GERMANY (Berlin) - Captains mate Clemens Mally in search of new Wachau. This time, the mate ends up in a cool burrow and meets a winemaker that may even surprise him with a peppery Veltliner.
Here in the Spitzer Graben the Wachau is different. Far from the core business. No Danube, which separates the two shores of the region. Only a small stream that flows downhill from the forest district. The Spitzergraben is a place that manages that you feel blue in the winter twilight. Between the old farms, you find yourself transported back in time. The rare occasion of driving cars indicate the present.
Johann Donabaum is living and working here. One of many winemakers in the burrow. One third of the vineyards in Spitz is processed here. Because the valley runs in a west-east direction, the vineyards enjoy a complete south or southwest exposure, including a relative calm, and probably the coolest terroir of the region. The humidity stays here very long. But the narrowness of the burrow helps to heat up the valley. A micro-climate. Other circumstances.
Grüner Veltliner, Riesling, and the ancient variety of the Spitzergraben, Neuburger, all need extra long time to mature. This provides for a distinctive flavor. Especially in very hot vintages winemakers have a clear advantage in Spitzer Graben. Acid will probably never lack here.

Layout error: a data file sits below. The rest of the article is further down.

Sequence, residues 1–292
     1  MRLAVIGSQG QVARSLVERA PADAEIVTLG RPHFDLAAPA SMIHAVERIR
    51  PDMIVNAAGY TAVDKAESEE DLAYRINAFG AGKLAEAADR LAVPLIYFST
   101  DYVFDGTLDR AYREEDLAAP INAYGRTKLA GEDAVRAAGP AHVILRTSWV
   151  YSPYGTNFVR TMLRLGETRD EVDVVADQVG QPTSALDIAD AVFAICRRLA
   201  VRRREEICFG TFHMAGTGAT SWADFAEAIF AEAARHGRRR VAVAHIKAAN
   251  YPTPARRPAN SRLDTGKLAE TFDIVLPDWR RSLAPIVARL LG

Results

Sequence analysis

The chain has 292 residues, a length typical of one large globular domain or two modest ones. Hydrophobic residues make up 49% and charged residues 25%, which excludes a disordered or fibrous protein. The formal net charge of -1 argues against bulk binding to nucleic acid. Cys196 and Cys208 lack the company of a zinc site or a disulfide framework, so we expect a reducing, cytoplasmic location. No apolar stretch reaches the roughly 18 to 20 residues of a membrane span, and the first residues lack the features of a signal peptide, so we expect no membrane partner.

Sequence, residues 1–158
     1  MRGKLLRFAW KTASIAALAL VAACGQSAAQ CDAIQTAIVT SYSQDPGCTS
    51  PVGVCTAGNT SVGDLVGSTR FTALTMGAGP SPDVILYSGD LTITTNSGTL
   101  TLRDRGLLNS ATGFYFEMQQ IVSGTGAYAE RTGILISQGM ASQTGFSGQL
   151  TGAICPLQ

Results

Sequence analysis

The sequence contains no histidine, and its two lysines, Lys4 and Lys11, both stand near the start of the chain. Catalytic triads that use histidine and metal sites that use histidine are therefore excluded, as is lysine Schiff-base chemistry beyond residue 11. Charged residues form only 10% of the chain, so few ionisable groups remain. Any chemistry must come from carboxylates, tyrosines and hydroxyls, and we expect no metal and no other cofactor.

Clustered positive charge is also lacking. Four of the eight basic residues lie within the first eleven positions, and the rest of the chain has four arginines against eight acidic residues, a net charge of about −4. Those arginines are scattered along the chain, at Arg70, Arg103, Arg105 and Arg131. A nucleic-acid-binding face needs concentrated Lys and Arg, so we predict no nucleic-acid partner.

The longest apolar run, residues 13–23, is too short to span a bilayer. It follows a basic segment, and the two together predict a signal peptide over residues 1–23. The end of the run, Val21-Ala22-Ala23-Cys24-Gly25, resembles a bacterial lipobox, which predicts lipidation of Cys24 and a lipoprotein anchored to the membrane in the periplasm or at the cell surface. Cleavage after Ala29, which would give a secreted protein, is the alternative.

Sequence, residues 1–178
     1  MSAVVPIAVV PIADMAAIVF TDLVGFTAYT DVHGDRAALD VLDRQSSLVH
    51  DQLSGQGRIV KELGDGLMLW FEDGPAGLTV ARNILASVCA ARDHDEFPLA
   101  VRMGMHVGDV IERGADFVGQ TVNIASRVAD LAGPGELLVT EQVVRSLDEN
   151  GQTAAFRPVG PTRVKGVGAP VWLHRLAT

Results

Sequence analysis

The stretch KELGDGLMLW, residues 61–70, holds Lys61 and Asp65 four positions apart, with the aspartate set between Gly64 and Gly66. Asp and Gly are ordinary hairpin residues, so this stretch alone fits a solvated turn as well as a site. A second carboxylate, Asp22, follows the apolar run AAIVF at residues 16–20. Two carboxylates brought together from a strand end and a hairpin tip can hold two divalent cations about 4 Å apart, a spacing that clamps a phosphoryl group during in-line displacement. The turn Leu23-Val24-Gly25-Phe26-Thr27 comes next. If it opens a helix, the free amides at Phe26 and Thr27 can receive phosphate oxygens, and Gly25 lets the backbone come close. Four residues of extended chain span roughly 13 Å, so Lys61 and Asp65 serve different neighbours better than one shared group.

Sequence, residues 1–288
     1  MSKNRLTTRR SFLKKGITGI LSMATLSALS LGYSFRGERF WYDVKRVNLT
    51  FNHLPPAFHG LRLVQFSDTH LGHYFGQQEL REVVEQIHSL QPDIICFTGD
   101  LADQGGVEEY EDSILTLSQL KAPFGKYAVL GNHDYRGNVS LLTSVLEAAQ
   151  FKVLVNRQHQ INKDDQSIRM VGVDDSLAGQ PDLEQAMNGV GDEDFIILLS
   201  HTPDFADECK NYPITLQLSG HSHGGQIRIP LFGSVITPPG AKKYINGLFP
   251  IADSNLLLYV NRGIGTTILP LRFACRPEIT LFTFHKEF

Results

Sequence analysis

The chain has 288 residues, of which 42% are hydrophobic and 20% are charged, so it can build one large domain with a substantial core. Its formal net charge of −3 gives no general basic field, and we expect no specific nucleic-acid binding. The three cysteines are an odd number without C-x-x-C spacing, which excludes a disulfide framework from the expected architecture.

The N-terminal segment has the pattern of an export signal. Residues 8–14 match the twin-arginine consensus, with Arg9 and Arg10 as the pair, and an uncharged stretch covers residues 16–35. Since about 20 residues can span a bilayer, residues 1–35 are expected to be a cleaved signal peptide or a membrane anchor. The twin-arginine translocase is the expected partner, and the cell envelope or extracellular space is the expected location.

Donabaum’s wines show what the Graben could do. And they are witnesses of the vintages. This is what is missing in other wines of the region. If a Donabaum wine gives the possibility to taste some older vintages of its Riesling wines, then you will be rewarded with an authentic time travel. So you learn to understand what makes wine, what can carry wine, why wine is a cultural asset. And a memory.
The 2009 vintages of Donabaum were powerful wines. But so complex that they even have convinced me, a skeptic of excessive exuberance. Donabaum allows itself the luxury to hold back many of these wines in the cellar and to bring them on the market at a later time to market. If they are mature enough to convince consumers.
Johann Donabaum is allergic to sulfur. Not a felt one, not a prescribed one, but a real one. His pain is our joy, because he is extremely cautios with sulfur. Alternatively, Donabaum leaves his wines up to 12 hours in the must. Because this way he can save a lot of sulfur. (clemens.mally - cptn.cork)
...and if you want to know what mate Mally has to tell you about vineyards and wines, read Part II which includes tasting notes:
|New Wachau Part II: To stir and refresh in the Graben|